Chinatowns: Colloquial term for enclaves of Chinese immigrants. In Canada and primarily in British Columbia, these appeared from 1858 on, with the greatest increase occurring during the construction of the Canadian Pacific Railway. Created by external forces (Euro-Canadian civic authority limiting Chinese property ownership and business licenses to a small area) and internal needs (the concentration of Chinese financial and social institutions).

Chinese Benevolent Association: An organization that coordinated the interests and politics of the various community organizations in Chinatowns, and provided different levels of social support for its members.

context group: In a society comprised of some diversity, refers to the most influential group whose culture other groups seek to adopt or are obliged to assimilate into. See also, reference group.

continuous voyage requirement: Regulation passed by the federal government in 1908 to restrict immigration from India and Japan; required immigrants to reach Canada by means of a single, continuous, unbroken voyage. Would affect long journeys that necessitated a stop in either Japan or Hawaii. Tightened in 1914, leading to the challenge posed by the Komagata Maru.

counter culture: A challenge to mainstream culture posed by a group’s rejection of dominant values. In the 1960s youth movements and specifically the hippy movement constituted a counter cultural moment.

cultural mosaic: In contrast to the concept of a “melting pot,” refers to a multi-ethnic and multicultural society in which differences are permitted to continue, rather than face assimilation into a single typology.

Displaced Persons: Peoples (principally in Europe) dislocated by World War II; refugees.

Doukhobors: An immigrant group comprised of pacifists belonging to a Russian dissident religious movement. Settled first on the Prairies then mostly relocated to British Columbia. Persecuted in the 20th century for their pacifism and their rejection of material culture.

exurban: Refers to residential lands that lay beyond the suburban fringe.

founding nations: In Canada, typically refers to French and British Canadians.

Galicia: Term formerly used to describe an area of what is now part of Ukraine and Poland, which produced many immigrants to Western Canada. Also the name of a part of Spain, which did not.

Gentlemen’s Agreement: 1908; also known as the Lemieux-Hayashi Agreement; the Japanese government agreed to restrict the number of people leaving Japan for Canada. A loophole allowing wives to join their husbands led to significant use of the “picture bride” system thereafter.

Head Tax: A fee levied by the British Columbian and then the federal government on Chinese immigrants, beginning in 1885 and continuing to 1923.

Home Children: Over 100,000 children who were exported from Britain to Canada between 1869 and the late 1930s. Organized by charitable church organizations to alleviate overcrowding and to provide improved and more healthy alternatives. Stories of abuse abound, although many of the children who were distributed to farms across Canada did enjoy improved circumstances.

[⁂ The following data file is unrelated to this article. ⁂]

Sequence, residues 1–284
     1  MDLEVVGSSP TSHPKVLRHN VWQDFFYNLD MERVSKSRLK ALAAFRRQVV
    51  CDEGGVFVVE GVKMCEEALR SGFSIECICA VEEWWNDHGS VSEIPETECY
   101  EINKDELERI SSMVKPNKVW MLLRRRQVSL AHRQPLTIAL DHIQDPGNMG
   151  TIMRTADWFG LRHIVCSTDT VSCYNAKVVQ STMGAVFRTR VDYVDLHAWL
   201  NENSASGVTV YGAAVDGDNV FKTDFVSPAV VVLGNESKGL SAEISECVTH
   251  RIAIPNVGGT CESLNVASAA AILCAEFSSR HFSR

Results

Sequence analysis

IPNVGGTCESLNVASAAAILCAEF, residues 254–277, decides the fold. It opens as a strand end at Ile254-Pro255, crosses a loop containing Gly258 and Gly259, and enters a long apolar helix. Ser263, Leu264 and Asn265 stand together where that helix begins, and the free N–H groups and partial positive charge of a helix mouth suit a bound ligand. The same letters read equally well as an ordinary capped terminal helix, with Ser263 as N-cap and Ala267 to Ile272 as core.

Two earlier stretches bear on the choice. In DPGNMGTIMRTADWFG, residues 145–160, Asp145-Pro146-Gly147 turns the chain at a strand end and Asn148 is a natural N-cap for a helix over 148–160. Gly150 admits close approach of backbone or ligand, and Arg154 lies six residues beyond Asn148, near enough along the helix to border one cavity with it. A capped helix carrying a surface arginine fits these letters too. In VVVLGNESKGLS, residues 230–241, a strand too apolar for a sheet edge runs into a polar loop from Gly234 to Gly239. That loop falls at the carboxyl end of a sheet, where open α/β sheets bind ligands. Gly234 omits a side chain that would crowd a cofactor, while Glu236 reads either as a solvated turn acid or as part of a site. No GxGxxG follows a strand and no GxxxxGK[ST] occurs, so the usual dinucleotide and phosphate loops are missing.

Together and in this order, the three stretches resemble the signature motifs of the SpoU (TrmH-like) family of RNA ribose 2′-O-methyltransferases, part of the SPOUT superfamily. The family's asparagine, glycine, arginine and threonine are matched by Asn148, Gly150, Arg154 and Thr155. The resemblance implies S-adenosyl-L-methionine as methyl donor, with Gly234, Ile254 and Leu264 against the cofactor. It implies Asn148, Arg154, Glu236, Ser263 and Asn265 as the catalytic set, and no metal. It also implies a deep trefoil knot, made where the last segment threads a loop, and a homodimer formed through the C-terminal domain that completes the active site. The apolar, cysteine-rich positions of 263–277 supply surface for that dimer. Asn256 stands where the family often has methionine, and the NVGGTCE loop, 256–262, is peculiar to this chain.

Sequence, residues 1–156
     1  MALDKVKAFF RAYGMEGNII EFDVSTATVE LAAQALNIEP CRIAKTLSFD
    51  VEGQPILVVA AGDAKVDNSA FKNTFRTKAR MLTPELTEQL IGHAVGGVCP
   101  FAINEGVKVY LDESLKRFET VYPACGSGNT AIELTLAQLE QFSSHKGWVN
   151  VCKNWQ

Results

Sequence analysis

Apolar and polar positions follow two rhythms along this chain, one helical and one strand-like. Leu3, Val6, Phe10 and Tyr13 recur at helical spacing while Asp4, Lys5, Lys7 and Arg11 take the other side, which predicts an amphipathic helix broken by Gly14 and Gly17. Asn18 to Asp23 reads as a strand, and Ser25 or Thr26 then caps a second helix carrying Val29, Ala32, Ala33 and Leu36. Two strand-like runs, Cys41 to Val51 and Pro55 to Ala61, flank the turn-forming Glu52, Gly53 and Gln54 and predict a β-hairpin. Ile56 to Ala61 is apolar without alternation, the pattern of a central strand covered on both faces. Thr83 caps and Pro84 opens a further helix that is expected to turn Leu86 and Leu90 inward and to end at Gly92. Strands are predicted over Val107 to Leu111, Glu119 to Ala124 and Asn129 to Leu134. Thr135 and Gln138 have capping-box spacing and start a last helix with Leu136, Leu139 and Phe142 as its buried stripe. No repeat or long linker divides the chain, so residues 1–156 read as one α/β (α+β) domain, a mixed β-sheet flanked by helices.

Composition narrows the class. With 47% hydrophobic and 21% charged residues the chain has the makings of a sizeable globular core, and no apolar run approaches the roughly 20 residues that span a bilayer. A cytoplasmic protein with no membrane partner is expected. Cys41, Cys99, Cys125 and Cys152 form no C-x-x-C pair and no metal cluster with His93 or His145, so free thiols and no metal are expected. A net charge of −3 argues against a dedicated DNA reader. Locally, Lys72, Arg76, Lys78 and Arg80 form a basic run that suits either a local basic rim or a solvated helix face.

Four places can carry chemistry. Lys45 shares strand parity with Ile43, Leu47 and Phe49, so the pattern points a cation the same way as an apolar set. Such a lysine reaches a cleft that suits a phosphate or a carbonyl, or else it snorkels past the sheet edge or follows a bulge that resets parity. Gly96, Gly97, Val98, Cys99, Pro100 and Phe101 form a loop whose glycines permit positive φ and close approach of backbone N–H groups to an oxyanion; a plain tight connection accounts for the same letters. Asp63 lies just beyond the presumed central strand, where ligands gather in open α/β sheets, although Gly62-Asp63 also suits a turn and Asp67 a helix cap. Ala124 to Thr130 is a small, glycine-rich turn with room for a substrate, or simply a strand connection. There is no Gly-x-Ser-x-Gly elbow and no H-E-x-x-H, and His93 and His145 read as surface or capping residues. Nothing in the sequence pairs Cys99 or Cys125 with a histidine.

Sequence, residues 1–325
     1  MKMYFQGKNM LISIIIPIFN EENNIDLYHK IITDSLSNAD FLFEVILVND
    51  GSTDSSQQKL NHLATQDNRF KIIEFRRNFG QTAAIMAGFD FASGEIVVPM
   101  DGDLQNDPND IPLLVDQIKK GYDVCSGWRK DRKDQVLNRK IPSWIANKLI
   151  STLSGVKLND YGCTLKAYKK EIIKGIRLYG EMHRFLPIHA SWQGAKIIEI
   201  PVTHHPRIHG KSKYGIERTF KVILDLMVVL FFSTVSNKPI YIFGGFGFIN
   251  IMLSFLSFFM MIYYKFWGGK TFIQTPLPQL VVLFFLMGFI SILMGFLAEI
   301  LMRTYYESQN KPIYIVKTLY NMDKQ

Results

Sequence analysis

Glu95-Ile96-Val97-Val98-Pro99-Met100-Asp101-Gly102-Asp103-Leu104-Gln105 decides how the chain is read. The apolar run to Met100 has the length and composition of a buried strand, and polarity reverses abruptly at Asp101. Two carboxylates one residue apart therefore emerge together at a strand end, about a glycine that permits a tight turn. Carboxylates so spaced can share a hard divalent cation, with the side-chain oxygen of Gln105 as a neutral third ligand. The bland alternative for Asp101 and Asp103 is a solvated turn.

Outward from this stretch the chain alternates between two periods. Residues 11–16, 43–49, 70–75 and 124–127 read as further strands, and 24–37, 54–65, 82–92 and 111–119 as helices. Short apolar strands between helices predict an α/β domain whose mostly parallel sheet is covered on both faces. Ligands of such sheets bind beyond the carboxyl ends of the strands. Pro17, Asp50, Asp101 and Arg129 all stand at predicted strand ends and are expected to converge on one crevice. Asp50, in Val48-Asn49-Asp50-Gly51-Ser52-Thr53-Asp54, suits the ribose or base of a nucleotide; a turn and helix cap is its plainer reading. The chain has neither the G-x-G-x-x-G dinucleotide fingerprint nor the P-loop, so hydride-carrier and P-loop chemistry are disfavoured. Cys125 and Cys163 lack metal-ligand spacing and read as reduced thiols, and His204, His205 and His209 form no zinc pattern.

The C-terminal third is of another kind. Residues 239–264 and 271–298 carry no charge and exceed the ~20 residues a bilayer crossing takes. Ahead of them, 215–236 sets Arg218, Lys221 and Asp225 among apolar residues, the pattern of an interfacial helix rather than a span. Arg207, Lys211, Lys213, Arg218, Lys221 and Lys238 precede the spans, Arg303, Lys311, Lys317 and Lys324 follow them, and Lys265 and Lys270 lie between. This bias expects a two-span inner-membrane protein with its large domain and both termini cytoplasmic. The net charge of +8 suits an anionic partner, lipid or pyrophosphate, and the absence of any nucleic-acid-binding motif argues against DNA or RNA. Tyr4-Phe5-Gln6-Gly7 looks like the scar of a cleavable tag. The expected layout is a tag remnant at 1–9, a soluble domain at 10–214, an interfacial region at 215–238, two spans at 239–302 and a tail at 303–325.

human rights: Any right thought to belong to every person. Enshrined in the United Nations Universal Declaration of Human Rights, 1947.

Hutterites: Along with the Mennonites and Amish, the Hutterites are an Anabaptist sectarian group; emigrated from Europe in the late 19th and early 20th century, where they faced oppression for their pacifist beliefs and the practice of adult baptism; many arrived in Canada after attempts to settle in the United States. A communal farming community that resists modernization.

Jewish holocaust: The campaign launched in the 1930s and early 1940s by the German National Socialist government aimed at the eradication of the Jewish population in Europe. Estimates of the number killed run to 6 million or more.

Jim Crow Laws: In the United States, post-Civil War racial segregation laws that discriminated against African-Americans; most formal elements dissolved in the 1950s and ’60s in the Civil Rights Movement; was one cause of African-Americans emigrating to Canada in the Laurier and Borden eras.

Mennonites: Along with the Hutterites and Amish, the Mennonites are an Anabaptist sectarian group; emigrated from Europe in the late 19th and early 20th century, where they faced oppression for their pacifist beliefs and the practice of adult baptism; settled in communities in Ontario, in Manitoba and across the Prairies, and in parts of British Columbia. A communal farming community that has resisted modernization, though with less intensity than the Hutterites.

nativist: A movement or individual committed to preserving privileges to established members of a community over newcomers; often translates into anti-immigration attitudes; many nativists are themselves merely earlier immigrants; has nothing to do with Native peoples.

New Canadians: Term used since the late 1960s to describe recent immigrants, particularly those arriving from non-traditional sources like South Asia, Latin America, and Africa.

Nootka Sound: On the west coast of Vancouver Island; traditional territory of the Nootka (Nuu-chah-nulth) First Nation; site of sustained contact between European, Mexican, and American traders and Aboriginal peoples, along with a significant population of imported Chinese labourers in the late 18th century.